Wednesday, March 9, 2011

The NFL Players Association

The NFL owners and the NFL Players Association (NFLPA) are locked in mediation regarding a new collective bargaining agreement (CBA). The current one is set to expire on Friday night. Failure to reach an agreement will precipitate a lockout, litigation, or a combination of the two--and put the 2011 NFL season in doubt.

I have no problem with the owners and the players (and even their union) enjoying the capitalistic enterprise of negotiating salaries--very large salaries, in many cases. Certainly, it makes sense that free-market principles are brought to bear, and that greater talent and success generate greater incomes.

But this evening, I read an article on that, among other things, outlined many of the demands that the NFLPA is making of the owners. Most of the ones mentioned in the article are issues of "transparency;" basically, the NFLPA wants to know every little nitty-gritty detail of the incomes, expenses, and profits of the league and its 32 franchises.

And here, I believe, they have crossed a line. The owners of the NFL franchises are the ones that have taken the financial risks: They build (or co-opt state and local governments) stadia and other facilities; they make multi-million dollar marketing decisions; they choose, sign, and pay players. Without their financial investments, the NFL does not exist. The NFL and its 32 teams have no obligation whatsoever to disclose their sensitive financial information to anyone to whom they do not wish to do so. (Well, except maybe the IRS.)

To hear the head of NFLPA speak, however, you would think it is absolutely necessary for the union to have access to all such know, so they can make "more informed" decisions in the bargaining process.

I don't think so. If the NFLPA really thinks it can do so much better, why doesn't it take all of its players and start another football league? Since football is still likely to be popular, and since the player talent level would remain about the same, surely they, too, could make mountains of money?

But they won't. They would prefer to squeeze the golden goose. Let's just hope they do not suffocate it.

Tuesday, March 8, 2011

Some People Still Love Hymns

I encountered a fascinating article today about hymns that are perpetually popular. A survey was done of hymnals of six mainline Protestant denominations (Anglican (Episcopal), American Baptist, Congregational (United Church of Christ), Lutheran (ELCA), United Methodist, Presbyterian Church (USA)) from the 1870's to the 2006 Lutheran hymnal. The survey included a total of 28 hymnals. It was found that 27 hymns were found in at least 26 of the hymnals; 13 hymns were found in all of them.

The good news: Every single one of these hymns is an excellent hymn! You can see the full list here; if you have grown up in a church that uses a hymnal in any of these denominations, you should recognize most, if not all, of them.

And why are they kept in the hymnals from generation to generation? Because people value them. They recognize the timeless biblical truths, taking comfort in God's Word and promises. They recognize, at some level, the intersection of biblical worship and biblical truth.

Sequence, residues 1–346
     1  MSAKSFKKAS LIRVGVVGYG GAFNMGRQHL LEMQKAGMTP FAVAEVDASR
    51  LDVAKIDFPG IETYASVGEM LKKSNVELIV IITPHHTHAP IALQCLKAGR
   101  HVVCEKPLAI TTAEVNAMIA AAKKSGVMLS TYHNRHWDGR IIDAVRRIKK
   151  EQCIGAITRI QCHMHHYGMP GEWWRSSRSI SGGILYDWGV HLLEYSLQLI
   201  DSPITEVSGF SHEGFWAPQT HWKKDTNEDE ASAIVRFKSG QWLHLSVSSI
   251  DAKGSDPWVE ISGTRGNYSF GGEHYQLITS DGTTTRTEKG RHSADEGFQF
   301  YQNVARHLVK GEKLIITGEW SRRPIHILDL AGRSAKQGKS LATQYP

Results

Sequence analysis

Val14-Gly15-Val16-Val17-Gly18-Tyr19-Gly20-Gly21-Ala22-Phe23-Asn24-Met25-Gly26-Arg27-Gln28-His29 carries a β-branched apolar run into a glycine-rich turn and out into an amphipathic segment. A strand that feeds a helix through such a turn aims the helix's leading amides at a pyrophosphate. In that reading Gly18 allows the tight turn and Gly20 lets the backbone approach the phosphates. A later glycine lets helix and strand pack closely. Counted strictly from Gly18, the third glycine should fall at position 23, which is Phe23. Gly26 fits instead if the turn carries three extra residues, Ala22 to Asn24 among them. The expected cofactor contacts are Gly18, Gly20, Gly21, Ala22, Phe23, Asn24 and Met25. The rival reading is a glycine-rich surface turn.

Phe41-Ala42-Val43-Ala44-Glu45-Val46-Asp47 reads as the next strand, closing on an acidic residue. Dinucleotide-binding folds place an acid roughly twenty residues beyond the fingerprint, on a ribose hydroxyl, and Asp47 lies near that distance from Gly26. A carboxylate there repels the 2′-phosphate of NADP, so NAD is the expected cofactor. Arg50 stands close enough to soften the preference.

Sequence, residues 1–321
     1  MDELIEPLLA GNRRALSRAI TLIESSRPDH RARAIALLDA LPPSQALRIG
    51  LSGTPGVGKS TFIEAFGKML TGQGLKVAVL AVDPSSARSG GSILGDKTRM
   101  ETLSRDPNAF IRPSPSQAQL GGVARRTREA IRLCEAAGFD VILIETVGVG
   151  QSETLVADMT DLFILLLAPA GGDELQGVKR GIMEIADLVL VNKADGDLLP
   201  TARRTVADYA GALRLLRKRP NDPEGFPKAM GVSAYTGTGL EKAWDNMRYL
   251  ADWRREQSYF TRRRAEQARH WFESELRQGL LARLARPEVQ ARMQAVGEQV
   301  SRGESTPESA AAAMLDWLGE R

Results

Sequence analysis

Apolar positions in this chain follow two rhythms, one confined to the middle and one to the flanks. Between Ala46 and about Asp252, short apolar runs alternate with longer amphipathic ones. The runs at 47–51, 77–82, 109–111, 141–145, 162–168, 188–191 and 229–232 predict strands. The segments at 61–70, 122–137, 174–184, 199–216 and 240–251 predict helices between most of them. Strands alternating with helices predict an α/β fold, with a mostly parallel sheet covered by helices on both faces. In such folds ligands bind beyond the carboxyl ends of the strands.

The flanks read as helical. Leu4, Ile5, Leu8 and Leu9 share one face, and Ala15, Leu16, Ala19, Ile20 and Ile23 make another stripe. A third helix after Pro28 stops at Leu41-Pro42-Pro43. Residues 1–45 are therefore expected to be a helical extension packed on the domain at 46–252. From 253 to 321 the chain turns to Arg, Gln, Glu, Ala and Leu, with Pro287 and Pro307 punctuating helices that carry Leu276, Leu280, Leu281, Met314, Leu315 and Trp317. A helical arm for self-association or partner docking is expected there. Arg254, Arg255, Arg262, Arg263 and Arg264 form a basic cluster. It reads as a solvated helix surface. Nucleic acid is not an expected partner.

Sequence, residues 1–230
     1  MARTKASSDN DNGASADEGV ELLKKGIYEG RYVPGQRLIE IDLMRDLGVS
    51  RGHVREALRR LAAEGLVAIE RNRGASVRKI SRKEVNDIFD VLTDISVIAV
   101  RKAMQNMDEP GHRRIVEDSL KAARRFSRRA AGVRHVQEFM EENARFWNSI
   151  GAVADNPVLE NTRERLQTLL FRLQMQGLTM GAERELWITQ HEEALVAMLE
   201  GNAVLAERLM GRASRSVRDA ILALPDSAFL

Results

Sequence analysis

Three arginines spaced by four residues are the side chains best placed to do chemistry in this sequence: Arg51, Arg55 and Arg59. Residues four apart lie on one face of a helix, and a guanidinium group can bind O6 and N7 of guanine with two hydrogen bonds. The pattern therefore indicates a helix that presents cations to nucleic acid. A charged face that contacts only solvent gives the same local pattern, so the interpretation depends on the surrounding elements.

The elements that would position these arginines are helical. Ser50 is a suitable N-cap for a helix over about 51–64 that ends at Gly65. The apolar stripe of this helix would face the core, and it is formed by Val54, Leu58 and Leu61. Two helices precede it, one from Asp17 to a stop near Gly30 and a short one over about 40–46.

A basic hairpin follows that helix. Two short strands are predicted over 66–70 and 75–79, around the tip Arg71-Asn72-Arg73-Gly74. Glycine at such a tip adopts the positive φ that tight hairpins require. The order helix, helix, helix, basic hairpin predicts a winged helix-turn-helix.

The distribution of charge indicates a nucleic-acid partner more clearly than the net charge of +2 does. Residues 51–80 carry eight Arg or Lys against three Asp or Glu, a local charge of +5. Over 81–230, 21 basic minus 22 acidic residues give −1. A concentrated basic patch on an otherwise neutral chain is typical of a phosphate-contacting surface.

Because the survey of hymnals includes those dating back to the antebellum period, hymns that have become better known in the past 150 years do not appear on the list. This might explain why you don't see certain of your favorites.

In the summer of 2009 I blogged about what I thought were the "Top Ten Hymns"; two of them, as well as two of my runners-up, were on this list (and in retrospect, I really dropped the ball by not including "O For A Thousand Tongues to Sing").

Of the 27 hymns, four of them were written before the 13th century.

The average date of the texts of the other 23 hymns: 1774.

More proof that good music—words and tune alike—stands the test of time. To God be the glory!

Wednesday, March 2, 2011

Product Endorsement: TI Graphing Calculators

It occurred to me today that it's been over 18 years since I first got my own, brand new, TI-85 graphing calculator. At the time, it was the top of the line, and I was thrilled to have it. And since I have been a math teacher for most of those last 18 years, it has gotten a tremendous amount of use.

And it works just as well today as the day I bought it.

In the meantime, I have added a TI-83 to my calculator collection. I do not use it quite as often as my TI-85, but it, too, has served me well.

One thing I have done just a few times, but which my students have collectively done many times, is to drop my graphing calculator on the floor—often a tile floor, sometimes carpet. I always instinctively cringe whenever I see or hear one of them reach the floor under the influence of gravity—but today I cannot recall a student who had to do anything more than put the batteries back in to get it to work properly. If the product can also survive years in a teen's backpack, then surely it is durable!

I would happily encourage anyone needing a graphing calculator to purchase the appropriate level Texas Instruments machine. They are durable, relatively user-friendly (relative to your mathematical understanding, that is), and even have a pretty good resale value, should you decide to exchange yours for cash.